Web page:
The World Federation of the Deaf (WFD) was founded in Rome, Italy, in 1951 and now includes 133 member countries. The WFD holds consultative status within the United Nations, and its mission is to work “for the realization of the human rights of the deaf in collaboration with the United Nations and its agencies, national organizations of the deaf, and relevant stakeholders.”
From July 11-15, 2023, more than 2000 Deaf leaders from 101 countries traveled to Jeju Island, South Korea for the 19th WFD World Congress. Using a format similar to the United Nations, the World Congress takes place every four years, and the 2023 theme is “Ensuring Human Rights During Times of Crisis.”
Four Deaf Department of State employees participated in the 2023 World Congress: Angela Cannella, Traci Goodrich, and Kerry-Ann Young from the Office of Civil Rights, as well as Robb Dooling from the Bureau of Intelligence and Research (INR). In addition to her work at INR, Dooling is currently seconded part-time to the Secretary’s Office of Diversity and Inclusion.
Cannella and Dooling presented “Including Persons with Disabilities in Diplomacy with the US Department of State,” where they discussed how the US Government aims to engage in disability-inclusive foreign policy and assistance through 163 embassies. and 93 consulates in the Department. Their presentation also discussed how the Department can integrate Diversity, Equity, Inclusion, and Accessibility (DEIA) more fully into its workforce and work culture.
Cannella and Dooling’s presentation focused on how US embassies and consulates are developing agile diplomacy, including emergency planning, and international disability advocacy. They encourage Deaf, Hard-of-Hearing, and Deaf-Blind participants to connect, participate, and collaborate with the US mission in their countries.
United States diplomacy is inspired by President Biden’s Executive Order 14035 on Diversity, Equity, Inclusion, and Accessibility in the Federal Workforce. Regarding accessible diplomacy, Cannella and Dooling noted that US embassies and consulates want a diverse workforce that includes people with disabilities and design embassy services with accessibility in mind. They shared stories of how US embassies and consulates that employ individuals with disabilities have encouraged employers in host countries to hire individuals with disabilities for the first time, and they noted that US diplomats were eager to learn how to serve the disabled around the world.
People with disabilities are 15%-25% of the global population, yet they are often left behind in humanitarian emergency and crisis response planning. When a humanitarian crisis occurs, people with disabilities are often the last to know. Cannella and Dooling noted that countries often do not include people with disabilities in planning for natural disasters and other emergencies. They emphasize that governments save lives when they are proactive rather than reactive in emergency preparedness.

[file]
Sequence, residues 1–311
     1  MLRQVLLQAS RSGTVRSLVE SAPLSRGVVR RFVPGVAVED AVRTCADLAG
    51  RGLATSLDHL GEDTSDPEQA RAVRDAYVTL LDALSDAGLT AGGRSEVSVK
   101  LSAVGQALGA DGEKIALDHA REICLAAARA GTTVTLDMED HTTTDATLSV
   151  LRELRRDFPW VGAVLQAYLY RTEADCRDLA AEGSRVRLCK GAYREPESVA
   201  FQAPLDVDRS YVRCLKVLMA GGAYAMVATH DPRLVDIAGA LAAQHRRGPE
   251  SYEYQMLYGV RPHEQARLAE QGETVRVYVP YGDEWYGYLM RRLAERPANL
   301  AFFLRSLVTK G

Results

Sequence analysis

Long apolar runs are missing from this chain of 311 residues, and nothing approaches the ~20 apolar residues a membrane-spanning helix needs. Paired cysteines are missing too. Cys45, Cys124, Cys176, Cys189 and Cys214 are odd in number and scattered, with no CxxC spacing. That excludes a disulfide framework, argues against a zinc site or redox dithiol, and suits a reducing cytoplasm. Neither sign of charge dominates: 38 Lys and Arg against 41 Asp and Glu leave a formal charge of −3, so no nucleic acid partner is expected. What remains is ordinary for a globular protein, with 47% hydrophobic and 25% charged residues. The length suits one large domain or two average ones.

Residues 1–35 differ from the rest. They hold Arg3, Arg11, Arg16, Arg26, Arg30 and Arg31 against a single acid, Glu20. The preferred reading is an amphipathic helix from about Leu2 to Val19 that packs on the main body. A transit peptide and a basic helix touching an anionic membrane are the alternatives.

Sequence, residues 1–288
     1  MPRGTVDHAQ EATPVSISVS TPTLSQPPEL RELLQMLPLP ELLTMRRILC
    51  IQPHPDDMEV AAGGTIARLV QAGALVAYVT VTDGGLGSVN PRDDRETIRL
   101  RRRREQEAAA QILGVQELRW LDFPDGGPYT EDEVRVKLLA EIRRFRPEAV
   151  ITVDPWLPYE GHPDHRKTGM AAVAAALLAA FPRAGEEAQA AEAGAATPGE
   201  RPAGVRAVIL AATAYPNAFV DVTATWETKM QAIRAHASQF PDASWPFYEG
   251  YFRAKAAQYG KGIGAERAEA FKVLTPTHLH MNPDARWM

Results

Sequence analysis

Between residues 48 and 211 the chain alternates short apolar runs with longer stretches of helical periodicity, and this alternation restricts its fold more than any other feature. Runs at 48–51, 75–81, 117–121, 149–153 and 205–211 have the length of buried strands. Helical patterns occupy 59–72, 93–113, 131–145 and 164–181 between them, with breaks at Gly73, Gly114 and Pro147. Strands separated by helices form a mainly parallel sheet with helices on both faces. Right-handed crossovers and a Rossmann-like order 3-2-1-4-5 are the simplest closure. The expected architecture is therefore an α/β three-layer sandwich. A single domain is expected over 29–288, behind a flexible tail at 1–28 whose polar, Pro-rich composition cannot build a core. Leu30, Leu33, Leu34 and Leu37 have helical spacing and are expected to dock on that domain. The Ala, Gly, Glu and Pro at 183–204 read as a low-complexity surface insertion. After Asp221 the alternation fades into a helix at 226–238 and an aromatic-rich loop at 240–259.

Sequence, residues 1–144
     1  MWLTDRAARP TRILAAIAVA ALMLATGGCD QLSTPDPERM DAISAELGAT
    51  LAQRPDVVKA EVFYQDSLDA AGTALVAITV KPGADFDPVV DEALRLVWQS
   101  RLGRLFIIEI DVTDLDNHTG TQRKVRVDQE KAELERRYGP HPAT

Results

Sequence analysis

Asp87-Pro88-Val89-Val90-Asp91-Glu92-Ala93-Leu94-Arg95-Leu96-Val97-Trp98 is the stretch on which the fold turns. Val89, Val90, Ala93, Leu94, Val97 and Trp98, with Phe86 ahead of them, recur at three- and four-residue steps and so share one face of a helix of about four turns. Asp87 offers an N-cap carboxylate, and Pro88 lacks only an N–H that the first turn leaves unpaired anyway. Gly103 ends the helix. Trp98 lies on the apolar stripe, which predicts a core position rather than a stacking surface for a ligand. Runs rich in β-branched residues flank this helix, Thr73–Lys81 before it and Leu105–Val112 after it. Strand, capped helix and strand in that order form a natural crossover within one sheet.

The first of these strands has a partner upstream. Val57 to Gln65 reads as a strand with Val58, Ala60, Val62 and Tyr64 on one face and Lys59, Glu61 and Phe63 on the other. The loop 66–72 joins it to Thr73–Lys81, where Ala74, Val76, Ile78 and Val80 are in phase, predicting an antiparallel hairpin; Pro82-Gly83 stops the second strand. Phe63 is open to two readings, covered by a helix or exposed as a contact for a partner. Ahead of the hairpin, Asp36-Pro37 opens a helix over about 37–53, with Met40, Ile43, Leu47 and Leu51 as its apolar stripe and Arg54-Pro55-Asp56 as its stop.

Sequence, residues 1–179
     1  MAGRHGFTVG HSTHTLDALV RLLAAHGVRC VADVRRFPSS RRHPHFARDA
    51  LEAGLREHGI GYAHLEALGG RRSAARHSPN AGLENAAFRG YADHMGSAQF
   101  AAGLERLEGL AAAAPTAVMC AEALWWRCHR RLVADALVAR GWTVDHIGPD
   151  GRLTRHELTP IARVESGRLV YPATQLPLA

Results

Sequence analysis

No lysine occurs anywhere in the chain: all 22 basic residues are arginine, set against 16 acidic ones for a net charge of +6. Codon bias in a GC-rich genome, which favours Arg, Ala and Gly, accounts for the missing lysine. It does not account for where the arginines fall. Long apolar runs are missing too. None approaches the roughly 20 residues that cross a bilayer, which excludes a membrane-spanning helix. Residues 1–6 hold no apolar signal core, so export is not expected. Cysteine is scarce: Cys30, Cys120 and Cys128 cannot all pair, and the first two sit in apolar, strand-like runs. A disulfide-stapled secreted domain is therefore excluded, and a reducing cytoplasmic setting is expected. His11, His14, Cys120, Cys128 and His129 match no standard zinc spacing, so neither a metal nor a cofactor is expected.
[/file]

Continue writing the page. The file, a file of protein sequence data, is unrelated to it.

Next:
Finally, Cannella and Dooling discuss how the State Department and US diplomatic missions are advocating with foreign governments and civil society organizations to increase commitments and capacity to remove barriers and create a world that has adopted the full inclusion of people with disabilities. During the World Congress, the Department’s Deaf employees also interacted with two Deaf International Visitors’ Leadership Program (IVLP) alumni: Juan Angel De Gouveia from Venezuela and Samuel Munana from Rwanda. De Gouveia began a second four-year term on the board of the World Federation of the Deaf, and Munana presented “International Cooperation and Development: Rwanda National Union of the Deaf’s Experiences.” According to Munana, disability leadership is key: national associations of the Deaf are the ideal strategic choice for investing in Deaf populations around the world, and donors often ignore these national associations of Deaf in a hearing-centered world.
All employees of the Department who participated in the WFD are very grateful to the Bureau of Intelligence and Research and the Office of Civil Rights for their support and contributions that led to the event, and their engagement with international partnerships on disabilities. These partnerships hold great potential for accessible diplomacy, inclusive emergency planning, and international disability advocacy to create a brighter future.
About the Authors: Angela Cannella works in the Office of Civil Rights and Robb Dooling works in the Bureau of Intelligence and Research and is currently seconded part-time to the Secretary’s Office of Diversity and Inclusion.